Tuesday, April 19, 2011

Admiration for a Reporter

I've followed his work for some time and even if you're the type who doesn't pay attention to bylines, this name is one worth noting: Jason DeParle, senior reporter for the New York Times, is the real deal. The stories he pursues—that obviously take serious time/patience to find—reveal dogged reporting; it seems he talks with just about everyone who has an insight on whatever subject he's covering.

And while his clear writing and thoughtful framing of issues are model stuff, I'm most impressed with the subjects he takes on in his work. Why? Because he writes about the matters that are off of most people's radar.

From welfare reform and poverty issues to migrant workers and now immigration reform, DeParle's nose for those on the fringe is what reporting should be. Period. Though his recent page one story in the Sunday NYTimes was an impressive (and important) look at the "most influential unknown man in America," his inspiring portrayal of Allan Tibbels, an urban wheel-chair bound Christian worker, was equally thought-provoking.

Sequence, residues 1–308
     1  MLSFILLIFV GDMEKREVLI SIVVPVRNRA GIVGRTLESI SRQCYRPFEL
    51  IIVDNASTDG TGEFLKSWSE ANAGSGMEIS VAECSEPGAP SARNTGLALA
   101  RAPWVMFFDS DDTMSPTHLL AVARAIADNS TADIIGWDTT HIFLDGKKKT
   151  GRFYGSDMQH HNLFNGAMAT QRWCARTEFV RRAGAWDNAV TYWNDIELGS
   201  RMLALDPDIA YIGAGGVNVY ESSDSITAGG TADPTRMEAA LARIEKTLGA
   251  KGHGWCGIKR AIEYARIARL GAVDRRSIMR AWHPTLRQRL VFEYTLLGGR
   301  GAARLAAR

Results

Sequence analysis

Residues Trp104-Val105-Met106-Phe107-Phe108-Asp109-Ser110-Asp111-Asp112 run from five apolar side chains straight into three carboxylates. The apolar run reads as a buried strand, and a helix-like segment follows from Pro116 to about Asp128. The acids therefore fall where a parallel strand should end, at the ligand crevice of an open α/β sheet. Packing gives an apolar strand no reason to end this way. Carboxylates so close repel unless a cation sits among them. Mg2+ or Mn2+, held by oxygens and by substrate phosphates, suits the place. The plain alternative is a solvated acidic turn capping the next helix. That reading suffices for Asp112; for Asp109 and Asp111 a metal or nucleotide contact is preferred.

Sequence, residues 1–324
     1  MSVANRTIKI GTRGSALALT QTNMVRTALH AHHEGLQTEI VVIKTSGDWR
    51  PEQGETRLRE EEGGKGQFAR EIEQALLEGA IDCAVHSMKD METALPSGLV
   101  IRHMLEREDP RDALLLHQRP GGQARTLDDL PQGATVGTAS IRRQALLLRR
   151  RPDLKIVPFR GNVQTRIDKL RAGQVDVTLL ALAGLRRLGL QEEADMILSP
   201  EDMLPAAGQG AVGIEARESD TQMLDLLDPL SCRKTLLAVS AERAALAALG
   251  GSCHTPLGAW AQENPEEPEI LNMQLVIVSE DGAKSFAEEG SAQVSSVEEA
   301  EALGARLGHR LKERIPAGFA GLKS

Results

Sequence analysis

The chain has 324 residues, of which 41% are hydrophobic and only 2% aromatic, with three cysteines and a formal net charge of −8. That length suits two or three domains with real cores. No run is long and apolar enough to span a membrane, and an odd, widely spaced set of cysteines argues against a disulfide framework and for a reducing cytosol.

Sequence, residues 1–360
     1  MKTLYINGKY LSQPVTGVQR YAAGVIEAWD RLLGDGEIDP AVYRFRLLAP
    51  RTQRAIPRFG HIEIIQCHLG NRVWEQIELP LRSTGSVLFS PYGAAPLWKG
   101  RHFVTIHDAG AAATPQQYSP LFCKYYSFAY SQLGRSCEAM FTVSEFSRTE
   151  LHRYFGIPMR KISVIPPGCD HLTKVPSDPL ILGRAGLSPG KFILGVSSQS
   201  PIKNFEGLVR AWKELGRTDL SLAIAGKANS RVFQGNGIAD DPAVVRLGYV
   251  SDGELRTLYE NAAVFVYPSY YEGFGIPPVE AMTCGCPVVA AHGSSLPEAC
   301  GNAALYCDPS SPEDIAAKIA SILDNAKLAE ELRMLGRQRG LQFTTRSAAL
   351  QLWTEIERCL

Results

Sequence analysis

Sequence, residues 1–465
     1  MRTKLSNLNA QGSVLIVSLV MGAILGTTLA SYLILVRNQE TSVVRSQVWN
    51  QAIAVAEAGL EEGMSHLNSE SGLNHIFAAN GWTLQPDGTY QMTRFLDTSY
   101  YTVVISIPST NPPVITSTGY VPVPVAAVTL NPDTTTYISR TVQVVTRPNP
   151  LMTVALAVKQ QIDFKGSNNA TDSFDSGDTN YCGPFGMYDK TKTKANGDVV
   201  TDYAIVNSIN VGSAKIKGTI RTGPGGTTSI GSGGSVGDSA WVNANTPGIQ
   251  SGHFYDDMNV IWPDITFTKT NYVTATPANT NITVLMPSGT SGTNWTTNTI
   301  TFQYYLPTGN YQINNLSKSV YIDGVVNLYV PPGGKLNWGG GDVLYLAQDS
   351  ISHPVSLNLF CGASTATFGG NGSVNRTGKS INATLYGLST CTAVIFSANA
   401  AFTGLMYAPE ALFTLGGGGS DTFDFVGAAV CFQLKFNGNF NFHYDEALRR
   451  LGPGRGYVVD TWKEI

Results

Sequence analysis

DeParle gets at truth, he gives voice to the voiceless and he watches the powers that be with an eye for context as well as the big picture. I only hope his work can inspire a new generation of reporters to follow suit.

Wednesday, April 13, 2011

News from the next generation

Alas. It's not that news hasn't been happening since my last post . . .  it's that it's been getting done! And delightfully so by a few aspiring reporters from the next generation I've watched develop over the past few months. Check out the Gordon College News Service, now in its second year and one of many new partnerships springing up between community newspapers and local colleges.

If good journalism is to continue, such partnerships will be crucial to insuring the integrity of the profession for the public trust. That term—the public trust—is one I've been thinking about lately. Email me and let me know how you would define it.